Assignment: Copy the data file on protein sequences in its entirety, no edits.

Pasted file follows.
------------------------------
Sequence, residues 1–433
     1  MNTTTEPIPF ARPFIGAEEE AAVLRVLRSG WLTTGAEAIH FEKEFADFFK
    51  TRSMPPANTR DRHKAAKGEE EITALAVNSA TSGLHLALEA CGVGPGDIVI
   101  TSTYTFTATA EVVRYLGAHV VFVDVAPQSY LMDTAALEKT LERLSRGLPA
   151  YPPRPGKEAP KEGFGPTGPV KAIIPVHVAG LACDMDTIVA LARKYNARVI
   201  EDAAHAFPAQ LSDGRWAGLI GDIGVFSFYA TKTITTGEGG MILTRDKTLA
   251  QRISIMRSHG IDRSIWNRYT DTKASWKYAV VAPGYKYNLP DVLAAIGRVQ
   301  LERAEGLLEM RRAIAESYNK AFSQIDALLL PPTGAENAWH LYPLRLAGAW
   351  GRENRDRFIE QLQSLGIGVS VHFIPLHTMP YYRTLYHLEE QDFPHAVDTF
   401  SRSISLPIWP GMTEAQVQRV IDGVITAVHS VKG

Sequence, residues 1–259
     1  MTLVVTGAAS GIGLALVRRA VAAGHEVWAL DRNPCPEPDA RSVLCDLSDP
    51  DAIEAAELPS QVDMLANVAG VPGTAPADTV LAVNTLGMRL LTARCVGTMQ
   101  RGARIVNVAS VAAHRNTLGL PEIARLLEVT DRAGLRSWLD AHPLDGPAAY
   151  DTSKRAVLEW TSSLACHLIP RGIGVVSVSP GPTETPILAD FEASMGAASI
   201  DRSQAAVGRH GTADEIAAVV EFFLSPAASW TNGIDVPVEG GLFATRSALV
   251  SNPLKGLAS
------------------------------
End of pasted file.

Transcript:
Sequence, residues 1–433
     1  MNTTTEPIPF ARPFIGAEEE AAVLRVLRSG WLTTGAEAIH FEKEFADFFK
    51  TRSMPPANTR DRHKAAKGEE EITALAVNSA TSGLHLALEA CGVGPGDIVI
   101  TSTYTFTATA EVVRYLGAHV VFVDVAPQSY LMDTAALEKT LERLSRGLPA
   151  YPPRPGKEAP KEGFGPTGPV KAIIPVHVAG LACDMDTIVA LARKYNARVI
   201  EDAAHAFPAQ LSDGRWAGLI GDIGVFSFYA TKTITTGEGG MILTRDKTLA
   251  QRISIMRSHG IDRSIWNRYT DTKASWKYAV VAPGYKYNLP DVLAAIGRVQ
   301  LERAEGLLEM RRAIAESYNK AFSQIDALLL PPTGAENAWH LYPLRLAGAW
   351  GRENRDRFIE QLQSLGIGVS VHFIPLHTMP YYRTLYHLEE QDFPHAVDTF
   401  SRSISLPIWP GMTEAQVQRV IDGVITAVHS VKG

Sequence, residues 1–259
     1  MTLVVTGAAS GIGLALVRRA VAAGHEVWAL DRNPCPEPDA RSVLCDLSDP
    51  DAIEAAELPS QVDMLANVAG VPGTAPADTV LAVNTLGMRL LTARCVGTMQ
   101  RGARIVNVAS VAAHRNTLGL PEIARLLEVT DRAGLRSWLD AHPLDGPAAY
   151  DTSKRAVLEW TSSLACHLIP RGIGVVSVSP GPTETPILAD FEASMGAASI
   201  DRSQAAVGRH GTADEIAAVV EFFLSPAASW TNGIDVPVEG GLFATRSALV
   251  SNPLKGLAS